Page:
• 2. But what prompted our most vigorous debate of late was the discussion regarding Ontario province in Canada’s ban on the sale and general use of pesticides in residential / domestic settings. The exclusions include golf courses, farms and forests. This legislation was introduced after intensive lobbying from environmental activists and health professionals. “Great”, I announced, “finally a government displaying serious environmental leadership”. Who would have thought this decision and subsequent comment would have led to so much discussion? For one, the lawnmower man uses chemicals in residential landscapes. If he lived in Ontario he would no longer be able to do so. The problem is that not all pesticides are created equal, so even though he may use low environmental impact products he would still be breaking the law. What about bug sprays? They are technically pesticides. What about home made chilli sprays and the like? They are also classified as pesticides… the mind boggles! My farmer mate reckons that while people may be a bit nervous about the misuse of pesticides, there would be even more concern if we didn’t use them, especially in an agricultural sense. He claims (and I looked it up so it is true) that without pesticides Australia would lose $7000 million per year because there is nothing to combat hideous farming problems like invasive plants, locusts and sheep blowfly! Then we had some input from the Caped Conservation Crusader, who suggested that pests (of all sorts) are an ecological problem, and therefore require an ecologically sustainable solution. Without the daily use of herbicides, Caped Crusader’s areas of remnant vegetation would be lost forever under a mountain of weeds… mostly garden escapees! Amazingly, she is opposed to the ban in Ontario, suggesting that the use of backyard herbicides may prevent the problem of invasive plants hopping back fences! I was surprised, but impressed at the same time (it may have been the third beer or my utter shock at my green mate calling for herbicide use in backyards). Another round of beer, and the following was decided. We like, and dislike pesticides… and here’s why: Why we like pesticides: Cost effectiveness – pesticides are an economical way of controlling issues, especially the large-s scale stuff.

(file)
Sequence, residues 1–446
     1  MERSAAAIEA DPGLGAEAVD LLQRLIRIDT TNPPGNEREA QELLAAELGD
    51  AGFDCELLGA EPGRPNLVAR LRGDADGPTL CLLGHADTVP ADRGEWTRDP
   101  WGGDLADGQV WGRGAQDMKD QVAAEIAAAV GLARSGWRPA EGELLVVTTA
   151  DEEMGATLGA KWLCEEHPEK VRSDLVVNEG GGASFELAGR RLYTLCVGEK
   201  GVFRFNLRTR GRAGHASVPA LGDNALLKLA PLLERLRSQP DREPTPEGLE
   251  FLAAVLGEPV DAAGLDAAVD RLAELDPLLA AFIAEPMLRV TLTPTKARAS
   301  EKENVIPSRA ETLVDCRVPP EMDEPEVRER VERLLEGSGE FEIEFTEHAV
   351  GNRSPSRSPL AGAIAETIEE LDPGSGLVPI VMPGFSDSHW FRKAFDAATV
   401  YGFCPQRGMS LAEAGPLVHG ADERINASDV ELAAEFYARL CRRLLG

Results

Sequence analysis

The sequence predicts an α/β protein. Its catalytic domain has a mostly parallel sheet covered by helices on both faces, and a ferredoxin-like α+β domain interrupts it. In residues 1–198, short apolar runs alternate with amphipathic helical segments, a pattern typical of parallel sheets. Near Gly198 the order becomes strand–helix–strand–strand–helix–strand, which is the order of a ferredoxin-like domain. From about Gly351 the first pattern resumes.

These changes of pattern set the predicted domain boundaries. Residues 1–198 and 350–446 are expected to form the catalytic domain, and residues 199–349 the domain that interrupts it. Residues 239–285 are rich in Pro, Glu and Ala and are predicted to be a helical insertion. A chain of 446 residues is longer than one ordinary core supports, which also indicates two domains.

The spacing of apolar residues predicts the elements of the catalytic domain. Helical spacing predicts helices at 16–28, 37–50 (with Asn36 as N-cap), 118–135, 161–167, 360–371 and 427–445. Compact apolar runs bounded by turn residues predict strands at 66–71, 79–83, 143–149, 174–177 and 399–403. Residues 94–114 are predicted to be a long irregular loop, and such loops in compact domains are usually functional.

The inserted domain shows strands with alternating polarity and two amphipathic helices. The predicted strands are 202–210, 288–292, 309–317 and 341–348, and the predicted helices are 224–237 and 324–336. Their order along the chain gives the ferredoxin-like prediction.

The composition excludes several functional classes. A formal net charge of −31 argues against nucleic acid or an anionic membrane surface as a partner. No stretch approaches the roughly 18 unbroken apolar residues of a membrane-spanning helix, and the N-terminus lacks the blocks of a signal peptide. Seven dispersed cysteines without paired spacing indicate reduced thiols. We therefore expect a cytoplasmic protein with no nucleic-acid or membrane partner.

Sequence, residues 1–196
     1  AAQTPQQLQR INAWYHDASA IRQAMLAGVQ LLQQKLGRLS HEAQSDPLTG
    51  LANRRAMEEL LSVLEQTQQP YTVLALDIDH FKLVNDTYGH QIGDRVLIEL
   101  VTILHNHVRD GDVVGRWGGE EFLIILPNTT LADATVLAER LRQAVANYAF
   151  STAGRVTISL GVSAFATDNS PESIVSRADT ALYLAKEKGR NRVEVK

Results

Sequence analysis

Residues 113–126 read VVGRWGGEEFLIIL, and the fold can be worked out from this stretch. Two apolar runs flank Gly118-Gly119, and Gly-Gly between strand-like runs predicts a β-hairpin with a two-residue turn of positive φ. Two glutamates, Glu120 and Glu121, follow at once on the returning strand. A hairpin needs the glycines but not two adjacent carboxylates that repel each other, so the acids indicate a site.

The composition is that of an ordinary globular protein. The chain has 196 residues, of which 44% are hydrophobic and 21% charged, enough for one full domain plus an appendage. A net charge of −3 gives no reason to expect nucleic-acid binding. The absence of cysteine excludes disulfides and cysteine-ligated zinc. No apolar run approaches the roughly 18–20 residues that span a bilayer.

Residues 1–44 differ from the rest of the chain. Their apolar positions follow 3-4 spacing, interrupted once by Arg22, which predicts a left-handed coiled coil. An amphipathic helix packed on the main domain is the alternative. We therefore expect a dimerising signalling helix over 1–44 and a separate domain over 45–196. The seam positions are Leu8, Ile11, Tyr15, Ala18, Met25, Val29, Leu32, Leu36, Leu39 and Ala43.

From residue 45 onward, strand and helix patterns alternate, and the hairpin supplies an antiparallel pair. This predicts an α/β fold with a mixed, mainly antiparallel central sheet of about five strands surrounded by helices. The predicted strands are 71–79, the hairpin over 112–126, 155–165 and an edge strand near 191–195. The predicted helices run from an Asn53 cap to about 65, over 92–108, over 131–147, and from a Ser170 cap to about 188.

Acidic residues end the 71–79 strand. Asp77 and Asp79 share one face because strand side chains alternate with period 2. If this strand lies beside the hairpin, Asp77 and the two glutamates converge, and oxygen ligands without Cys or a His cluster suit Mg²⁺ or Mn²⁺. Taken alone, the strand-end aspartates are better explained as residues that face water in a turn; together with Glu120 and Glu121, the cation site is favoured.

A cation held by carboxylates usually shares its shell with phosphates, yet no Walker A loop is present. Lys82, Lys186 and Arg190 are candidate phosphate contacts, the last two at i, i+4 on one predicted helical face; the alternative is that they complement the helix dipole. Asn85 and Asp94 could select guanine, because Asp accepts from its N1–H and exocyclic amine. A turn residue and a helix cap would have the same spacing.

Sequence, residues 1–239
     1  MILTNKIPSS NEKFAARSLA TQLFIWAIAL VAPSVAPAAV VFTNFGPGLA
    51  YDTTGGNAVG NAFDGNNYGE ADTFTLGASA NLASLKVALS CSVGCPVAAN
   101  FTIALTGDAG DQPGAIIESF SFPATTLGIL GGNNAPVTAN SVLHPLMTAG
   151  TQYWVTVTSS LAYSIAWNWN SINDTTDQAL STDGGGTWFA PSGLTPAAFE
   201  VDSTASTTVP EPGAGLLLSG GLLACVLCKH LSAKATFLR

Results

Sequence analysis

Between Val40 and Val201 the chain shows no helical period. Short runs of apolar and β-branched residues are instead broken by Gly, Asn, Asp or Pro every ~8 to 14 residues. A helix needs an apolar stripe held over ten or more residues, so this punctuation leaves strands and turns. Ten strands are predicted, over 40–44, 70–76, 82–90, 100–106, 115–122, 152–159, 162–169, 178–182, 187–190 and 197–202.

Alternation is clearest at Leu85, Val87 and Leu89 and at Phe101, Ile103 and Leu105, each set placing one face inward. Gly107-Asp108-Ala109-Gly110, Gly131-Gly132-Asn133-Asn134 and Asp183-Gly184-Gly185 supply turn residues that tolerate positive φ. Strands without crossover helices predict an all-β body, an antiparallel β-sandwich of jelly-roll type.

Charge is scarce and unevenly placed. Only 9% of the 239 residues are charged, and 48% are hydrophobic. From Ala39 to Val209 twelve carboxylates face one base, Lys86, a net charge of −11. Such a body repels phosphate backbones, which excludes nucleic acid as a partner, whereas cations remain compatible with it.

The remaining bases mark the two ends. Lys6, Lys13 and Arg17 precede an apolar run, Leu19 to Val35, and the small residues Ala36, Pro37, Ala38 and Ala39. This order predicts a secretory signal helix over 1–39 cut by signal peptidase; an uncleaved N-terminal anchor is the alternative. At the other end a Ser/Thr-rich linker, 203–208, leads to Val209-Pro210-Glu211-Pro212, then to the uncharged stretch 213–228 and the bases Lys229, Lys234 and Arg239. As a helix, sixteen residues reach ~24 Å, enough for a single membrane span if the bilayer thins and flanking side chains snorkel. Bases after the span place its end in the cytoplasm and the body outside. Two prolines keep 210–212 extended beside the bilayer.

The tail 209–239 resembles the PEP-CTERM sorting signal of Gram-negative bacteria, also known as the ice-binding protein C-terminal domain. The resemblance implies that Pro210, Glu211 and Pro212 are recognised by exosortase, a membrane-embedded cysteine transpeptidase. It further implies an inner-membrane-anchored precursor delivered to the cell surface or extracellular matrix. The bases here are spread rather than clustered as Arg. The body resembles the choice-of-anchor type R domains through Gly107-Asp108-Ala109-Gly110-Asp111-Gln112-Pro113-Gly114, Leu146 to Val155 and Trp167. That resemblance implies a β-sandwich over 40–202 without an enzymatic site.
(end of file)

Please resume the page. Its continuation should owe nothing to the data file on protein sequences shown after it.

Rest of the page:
• 3. Timeliness and flexibility – by selecting the best product for the situation, pests can be manageds quickly and effectively, saving a great deal more chemical application in the future. Prevention of problems – preventing weeds in gardens, lawns and large scale landscapes,s preventing the spread of pests. Protection of pets and humans. Without chemicals the treatment of spiders, cockroaches, and fleass would be tricky. Protection of the environment. If no chemicals were available to control environmental pests likes noxious weeds, feral animals etc., our environment would suffer very badly. Using herbicides to control crop weeds reduces the need for cultivation, thus reducing land degradation. Why we don’t like pesticides: Reduction of beneficial species. Non-target organisms, including predators and parasites of pests,s can also be affected by pesticides. This results in changes to natural systems and biological balances. Think of the bees, won’t someone think of the bees!! Drift of sprays and vapour during application is just plain bad, and can cause untold damage in thes general environment. Environmental pollution from careless application and runoff can result in wildlife and fish losses.s Ground water contamination by leached chemicals can occur in high use areas if persistents products are used. Resistance to the pesticide used can develop in target pests due to overuse and/or incorrect use ofs the chemical. Poisoning hazards and other health issues to operators can occur through excessive exposure ifs safe handling procedures are not followed and protective clothing not worn. Other possible health effects due to indiscriminate use of chemicals can be a serious concern.s So after vigorous debate, and a few more rounds of beer, we came to the following conclusions. One, we all need to get out a bit more (or at least find something else to talk about). Secondly, pesticide use in any setting needs to be seriously assessed before wanton application occurs. We came up with the following list of behaviours that we all need to undertake before and while using pesticides. These apply across the board, whether the application be horticultural, residential, agricultural or ecological.
  • 4. Consider safe, non-chemical alternatives to pest control, including hand-weeding, mulching,s biological controls, cultivation, garden bed rotation, mowing and slashing, growing pest repellent plants and so on. Read and understand the label, taking special note of the rate of application and the safetys directions. Make sure the chemical is designed to control the pest you are using it against.s Always prepare and apply the chemical according to the manufacturer’s instructions given on thes label. Do not spray under adverse weather conditions, e.g. on windy days (to avoid off-target damage).s Be particularly careful when using chemicals near waterways or stormwater drains.s Take appropriate personal safety precautions.s Now, don’t get me wrong, I am not suggesting all pesticides are evil, nor I am standing on my happy little soapbox singing the praises of chemical control. What I reckon though is that they do have their place, and, while my mates and I agree to disagree on a number of pesticide related issues, there is one thing we are all united on: If they must be used, choose a pesticide with the lowest environmental impact available. If you don’t know where to start, try the SGA listing of low environmental impact chemicals, your local SGA garden centre.